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Squibs 8

Hello, 2013! One resolution I made for this year is to more frequently contribute to the blog. I’ll be standing-in for Dan a bit too, later this month as he takes a bit of time off to become a dad for the second time. So, expect at least a few Thirsty Thursdays to adopt my voice– but don’t worry, Dan will be back! In the meanwhile, I intend to make updating my Squibs column a regular occurrence.  So without further ado…

1.)    Craft v. crafty. It’s all the rage! Let’s debate! If you didn’t catch any of this brew-ha-ha before now, a brief background might be in order:

On Dec 13th, Charlie Papazian and other members of the Brewer’s Association had an Op-Ed published in the St. Louis Dispatch entitled “Craft Versus Crafty,” in which they essentially called out Goose Island, Shock Top and Blue Moon (among others) for not being true craft beers and more specifically, for not being honest in their labeling (The first two beers are made by AB-InBev while the last is a subsidiary of SABMiller). And as far as that goes, I can’t disagree: When you pick up a sixpack of, say, Wild Blue, there is absolutely no indication that it is an AB-InBev product, unless you’re savvy enough to know who makes beers in Baldwinsville, NY. So just as San Pelligrino bottles should perhaps note that Nestle owns the brand (and your Lexus should say “A division of Toyota” on it, I suppose), there is clearly an attempt by the big companies to present their products as craft beers when in fact they’re made by some of the largest beer corporations in the world. Fine as far as it goes. Truth in labeling? I’m all for it.

"Daddy, where does beer come from?"

“Daddy, where does beer come from?”

 

A deeper question, though, keeps rearing it’s head and it is whether or not the Crafty manufacturers pose an existential threat to the Craft makers. Does “Craft” even exist? Perhaps it’s a continuum and not even the best way to think about what makes a brewery worth throwing your money at.  Or, is every brewery on a de facto side in The Beer Wars? Certainly, it is easy enough for those of us immersed in the craft beer world to forget that even with all the passion driving incredible growth, 80% of the beer consumed in the country is a product of the two aforementioned global corporations: SABMiller and AB-InBev.  Not only that, but they’re pretty underhanded in their practices (though let’s admit, no more so than other, giant food and beverage corporations). Besides making and distributing “faux-craft” brands, they’re outright buying them, such as Goose Island. And now having achieved a high level of horizontal integration, they’re busy exercising their abilities to vertically integrate, too.  But can they crush or consume the now-thirty-years-old craft movement?

 

I don’t think so; certainly a future with no more small, local-ish, independent breweries seems as unlikely to me as a future where everyone makes their own beer and production breweries are generally obviated. I see craft growth continuing to ride the coat-tails of the locavore movement and finally settling into its plateau somewhere. And I think on the other side, there are limits to what the SABMillers of the world can really push as faux craft- I think it’s not at all random that Blue Moon and Shock Top are wheat beers; can you imagine a Crafty IPA doing at all well? A Crafty Imperial Stout? A Crafty barrel-aged brett beer just isn’t in the cards, but the thirst for such styles will never abate in the US again, in my view. I sure hope I’m right. Certainly the BA itself shares my optimism. In the meanwhile, I suppose I can take some comfort in the notion that it’ll be easier to bring a Linenkeugels drinker over to the small, local and independent side than a Bud Light drinker… so perhaps these guys are doing some of my work for me.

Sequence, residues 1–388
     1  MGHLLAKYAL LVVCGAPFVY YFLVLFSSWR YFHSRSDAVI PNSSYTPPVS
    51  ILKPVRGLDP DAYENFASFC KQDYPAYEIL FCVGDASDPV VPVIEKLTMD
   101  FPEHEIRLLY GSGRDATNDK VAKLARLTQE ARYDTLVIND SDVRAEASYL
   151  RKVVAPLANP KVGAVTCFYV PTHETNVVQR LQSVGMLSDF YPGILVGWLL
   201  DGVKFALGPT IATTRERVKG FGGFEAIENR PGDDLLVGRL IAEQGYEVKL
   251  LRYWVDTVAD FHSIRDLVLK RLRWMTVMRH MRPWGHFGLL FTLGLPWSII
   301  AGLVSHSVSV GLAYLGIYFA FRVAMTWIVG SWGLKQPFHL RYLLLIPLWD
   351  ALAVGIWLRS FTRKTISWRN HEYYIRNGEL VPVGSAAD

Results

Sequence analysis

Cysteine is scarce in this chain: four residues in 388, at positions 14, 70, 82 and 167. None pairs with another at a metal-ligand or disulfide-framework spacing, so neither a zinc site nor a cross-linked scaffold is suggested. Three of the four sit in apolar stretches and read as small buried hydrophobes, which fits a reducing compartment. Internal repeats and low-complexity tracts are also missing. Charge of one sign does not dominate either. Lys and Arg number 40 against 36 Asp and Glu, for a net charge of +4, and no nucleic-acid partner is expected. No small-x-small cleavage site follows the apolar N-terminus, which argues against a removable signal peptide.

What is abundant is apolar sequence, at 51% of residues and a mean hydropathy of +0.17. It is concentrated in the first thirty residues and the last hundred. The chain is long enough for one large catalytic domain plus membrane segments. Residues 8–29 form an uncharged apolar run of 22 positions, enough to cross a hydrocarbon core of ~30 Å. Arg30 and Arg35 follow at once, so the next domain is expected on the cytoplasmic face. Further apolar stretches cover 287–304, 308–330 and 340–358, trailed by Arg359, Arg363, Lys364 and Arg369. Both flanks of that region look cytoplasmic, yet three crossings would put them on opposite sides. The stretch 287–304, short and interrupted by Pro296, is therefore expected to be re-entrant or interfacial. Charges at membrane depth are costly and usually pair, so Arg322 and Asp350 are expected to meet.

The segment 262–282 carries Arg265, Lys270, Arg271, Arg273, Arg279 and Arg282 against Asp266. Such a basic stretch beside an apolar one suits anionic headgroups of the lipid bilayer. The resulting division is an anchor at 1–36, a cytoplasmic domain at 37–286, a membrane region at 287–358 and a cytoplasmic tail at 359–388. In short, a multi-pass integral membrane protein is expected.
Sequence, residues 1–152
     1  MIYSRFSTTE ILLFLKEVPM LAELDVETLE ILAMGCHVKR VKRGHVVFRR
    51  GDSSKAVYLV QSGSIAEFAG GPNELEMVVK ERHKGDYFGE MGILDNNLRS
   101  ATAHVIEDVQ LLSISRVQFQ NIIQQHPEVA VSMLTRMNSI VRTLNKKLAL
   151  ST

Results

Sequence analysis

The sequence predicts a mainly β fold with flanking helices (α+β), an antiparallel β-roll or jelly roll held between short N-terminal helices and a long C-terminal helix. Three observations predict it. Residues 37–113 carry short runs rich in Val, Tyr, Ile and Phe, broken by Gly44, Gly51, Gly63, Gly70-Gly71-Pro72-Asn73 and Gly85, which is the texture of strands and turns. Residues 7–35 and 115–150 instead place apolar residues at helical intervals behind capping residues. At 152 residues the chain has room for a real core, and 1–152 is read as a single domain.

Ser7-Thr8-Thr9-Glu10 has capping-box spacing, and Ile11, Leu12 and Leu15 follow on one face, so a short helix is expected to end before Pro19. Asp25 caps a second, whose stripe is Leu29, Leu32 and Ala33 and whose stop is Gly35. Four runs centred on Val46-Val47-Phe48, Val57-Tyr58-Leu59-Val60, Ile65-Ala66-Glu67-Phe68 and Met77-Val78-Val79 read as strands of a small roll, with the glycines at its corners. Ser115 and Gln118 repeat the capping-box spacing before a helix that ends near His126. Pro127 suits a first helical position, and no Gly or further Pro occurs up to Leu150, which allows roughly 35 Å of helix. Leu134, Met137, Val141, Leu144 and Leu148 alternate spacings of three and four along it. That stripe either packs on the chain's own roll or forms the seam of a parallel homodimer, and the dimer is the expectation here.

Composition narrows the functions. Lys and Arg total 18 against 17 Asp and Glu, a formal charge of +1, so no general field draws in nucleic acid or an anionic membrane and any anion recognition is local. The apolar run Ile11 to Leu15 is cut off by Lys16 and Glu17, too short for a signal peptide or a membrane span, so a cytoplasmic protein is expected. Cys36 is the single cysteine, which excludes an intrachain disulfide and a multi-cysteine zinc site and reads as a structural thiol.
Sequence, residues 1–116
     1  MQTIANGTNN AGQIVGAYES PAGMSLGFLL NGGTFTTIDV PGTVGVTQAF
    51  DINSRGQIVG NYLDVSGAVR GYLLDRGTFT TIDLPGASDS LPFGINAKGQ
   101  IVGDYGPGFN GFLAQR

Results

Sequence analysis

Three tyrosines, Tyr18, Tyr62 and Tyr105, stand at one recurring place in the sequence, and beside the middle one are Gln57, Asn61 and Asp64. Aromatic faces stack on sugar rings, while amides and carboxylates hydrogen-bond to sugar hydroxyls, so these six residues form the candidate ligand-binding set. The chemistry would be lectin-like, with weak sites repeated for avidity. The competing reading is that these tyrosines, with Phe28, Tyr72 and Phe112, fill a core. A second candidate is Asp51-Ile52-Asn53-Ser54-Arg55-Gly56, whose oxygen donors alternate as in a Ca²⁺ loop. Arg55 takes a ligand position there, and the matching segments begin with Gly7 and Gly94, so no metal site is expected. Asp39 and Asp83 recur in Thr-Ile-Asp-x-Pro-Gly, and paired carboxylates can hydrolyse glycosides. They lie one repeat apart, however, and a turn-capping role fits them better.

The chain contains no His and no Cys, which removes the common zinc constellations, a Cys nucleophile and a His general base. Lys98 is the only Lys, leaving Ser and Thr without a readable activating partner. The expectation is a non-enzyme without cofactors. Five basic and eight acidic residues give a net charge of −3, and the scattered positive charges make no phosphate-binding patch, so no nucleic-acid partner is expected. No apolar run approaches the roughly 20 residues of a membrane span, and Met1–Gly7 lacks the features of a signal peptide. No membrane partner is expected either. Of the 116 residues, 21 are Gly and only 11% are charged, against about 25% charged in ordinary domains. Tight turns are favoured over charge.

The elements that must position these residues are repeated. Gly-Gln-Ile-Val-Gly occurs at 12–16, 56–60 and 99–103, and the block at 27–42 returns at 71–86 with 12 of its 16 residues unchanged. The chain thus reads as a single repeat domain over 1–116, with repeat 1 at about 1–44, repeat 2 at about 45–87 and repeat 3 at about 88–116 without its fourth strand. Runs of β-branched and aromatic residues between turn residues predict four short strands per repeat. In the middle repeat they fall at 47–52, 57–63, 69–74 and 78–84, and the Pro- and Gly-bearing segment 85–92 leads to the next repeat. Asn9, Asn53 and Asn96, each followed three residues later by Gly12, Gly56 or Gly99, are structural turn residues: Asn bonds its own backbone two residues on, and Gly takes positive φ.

2.)  Let’s see what else is news in the world o’ beer this week, shall we? Ah, I see Brooklyn Brewery is going to build a brewery in Sweden. What? Well yeah, because guess what their second biggest market is, after NYC? Yup: Sweden.  Must cost a bundle sending all that Brooklyn Lager over there from Utica, I can see the appeal. Does this make Brooklyn the latest addition to the CRAFTY list? I suppose by some people’s definition it does. For myself, as long as Sorachi Ace tastes as good as it does, I’ll keep buying it.

3.) Beer Pong Championship in Las Vegas. For real. 

4.)  Did someone say stereochemistry? Now you’ve got my attention! It seems we know more than we used to about the exact shape of the iso-alpha acids that create bitterness in beer. Why would we want to know such a crazy detail? Well apparently because

Even more beautiful than I imagined!

Even more beautiful than I imagined!

“There are some indications that the hops bitter acids may have positive effects on diabetes, some forms of cancer, and inflammation, as well as weight loss. However, the effects seem to vary substantially depending on the absolute configuration. In addition, the various degrees of bitterness in beer seem to depend on the different forms of the tetrahydro-iso-alpha acids.”

In truth, it seems the research is more about the advancement of the technique for imaging these molecules than what will surely follow on it: rigorous testing of the claims mentioned above. Still, it’s pretty cool the levels of detail science is hurtling towards, even in the world of beer.

5.) I leave you with this week’s random You Tube “Beer + X” search result; let X = fountain.